The president of Colombia, Ivan Duque, revealed that the helicopter on which he was traveling in the direction of Cúcuta after visiting the city of Sardinata, in the Catatumbo, was attacked by strangers. “I want to inform the country – the head of state declared yesterday through the presidential press office – that after having fulfilled a commitment in the Colombian Catatumbo and while I was about to land in Cúcuta, the helicopter was the victim of an attack” and hit three times.
Duque and the Ministers of Defense and of the Interior, Diego Molano and Daniel Palacios, who accompanied him, were unharmed. “It was a cowardly attack,” Duque said, explaining that “the helicopter’s defense device prevented lethal consequences.” The aircraft is a Leonardo Aw-139, delivered by the Italian company in May.
The Catatumbo region is characterized by the intensive cultivation of coca plants. Guerrillas of the National Liberation Army (ELN) are active in the area, former Farc fighters who in 2016 refused the peace treaty with the government, as well as criminal groups involved in drug trafficking.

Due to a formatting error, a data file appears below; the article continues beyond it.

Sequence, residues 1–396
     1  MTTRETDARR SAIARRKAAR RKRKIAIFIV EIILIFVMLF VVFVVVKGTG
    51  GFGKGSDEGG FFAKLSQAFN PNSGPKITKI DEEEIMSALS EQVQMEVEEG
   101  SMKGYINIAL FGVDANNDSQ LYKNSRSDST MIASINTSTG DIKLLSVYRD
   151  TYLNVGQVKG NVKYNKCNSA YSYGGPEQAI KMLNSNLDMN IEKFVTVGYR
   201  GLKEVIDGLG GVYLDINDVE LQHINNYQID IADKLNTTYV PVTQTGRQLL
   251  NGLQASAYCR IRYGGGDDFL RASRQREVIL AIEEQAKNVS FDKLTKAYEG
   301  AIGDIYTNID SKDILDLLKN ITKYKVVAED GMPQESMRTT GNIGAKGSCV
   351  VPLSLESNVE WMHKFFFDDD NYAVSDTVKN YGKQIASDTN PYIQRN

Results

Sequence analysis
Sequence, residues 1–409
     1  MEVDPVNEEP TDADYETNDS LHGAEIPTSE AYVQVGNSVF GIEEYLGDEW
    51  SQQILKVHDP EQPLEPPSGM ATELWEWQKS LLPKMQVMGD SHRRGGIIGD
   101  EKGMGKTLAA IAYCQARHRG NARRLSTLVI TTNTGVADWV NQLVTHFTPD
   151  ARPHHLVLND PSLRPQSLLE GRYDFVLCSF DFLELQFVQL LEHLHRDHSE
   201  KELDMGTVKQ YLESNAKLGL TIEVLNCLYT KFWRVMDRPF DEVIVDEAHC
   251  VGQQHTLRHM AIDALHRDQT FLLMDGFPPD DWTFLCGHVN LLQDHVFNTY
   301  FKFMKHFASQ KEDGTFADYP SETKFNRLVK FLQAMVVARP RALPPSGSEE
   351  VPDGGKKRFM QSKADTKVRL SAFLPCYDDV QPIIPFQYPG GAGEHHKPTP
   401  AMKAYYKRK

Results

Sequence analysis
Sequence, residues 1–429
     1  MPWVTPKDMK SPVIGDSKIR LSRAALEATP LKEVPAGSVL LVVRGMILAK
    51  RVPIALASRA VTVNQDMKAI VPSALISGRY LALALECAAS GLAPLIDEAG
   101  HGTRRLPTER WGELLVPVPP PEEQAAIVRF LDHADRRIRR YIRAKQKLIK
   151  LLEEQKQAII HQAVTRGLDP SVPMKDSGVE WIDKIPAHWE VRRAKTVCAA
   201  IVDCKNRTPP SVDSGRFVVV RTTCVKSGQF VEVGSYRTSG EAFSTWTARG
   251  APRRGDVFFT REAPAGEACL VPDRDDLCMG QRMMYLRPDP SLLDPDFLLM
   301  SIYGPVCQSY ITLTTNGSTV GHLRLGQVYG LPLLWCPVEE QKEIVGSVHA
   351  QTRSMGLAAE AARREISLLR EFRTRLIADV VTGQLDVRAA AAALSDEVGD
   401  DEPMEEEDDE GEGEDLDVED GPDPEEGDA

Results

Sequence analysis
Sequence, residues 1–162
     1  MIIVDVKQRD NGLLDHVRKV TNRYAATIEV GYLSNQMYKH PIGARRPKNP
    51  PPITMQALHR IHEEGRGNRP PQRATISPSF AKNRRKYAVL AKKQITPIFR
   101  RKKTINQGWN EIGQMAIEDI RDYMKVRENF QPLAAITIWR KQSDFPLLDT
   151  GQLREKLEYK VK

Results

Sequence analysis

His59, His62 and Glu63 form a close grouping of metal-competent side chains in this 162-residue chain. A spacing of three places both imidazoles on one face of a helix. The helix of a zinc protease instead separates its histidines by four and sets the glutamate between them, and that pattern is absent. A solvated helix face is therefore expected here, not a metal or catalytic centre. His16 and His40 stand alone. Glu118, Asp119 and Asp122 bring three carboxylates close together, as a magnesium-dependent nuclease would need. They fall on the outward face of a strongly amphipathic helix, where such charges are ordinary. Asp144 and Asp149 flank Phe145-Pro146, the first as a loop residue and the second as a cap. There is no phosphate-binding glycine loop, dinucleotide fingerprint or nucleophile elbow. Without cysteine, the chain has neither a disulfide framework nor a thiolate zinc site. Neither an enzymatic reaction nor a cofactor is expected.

In this month, a car bomb exploded at a military base in Cucuta, injuring 36 people including Colombian troops and US military advisers. Defense Minister Molano had said the attack may have been carried out by the Eln, but the rebel group had denied any involvement.
After the bombing of the barracks, Duque’s government had promised to double the control and monitoring points in the Cucuta area from seven to fourteen, the scene for some time of a complex web of tensions between Colombia and Venezuela. The measures adopted also include that relating to a “network of civic participation” to obtain information on the movements of the guerrillas, as well as the patrolling of urban centers and the intensification of border controls.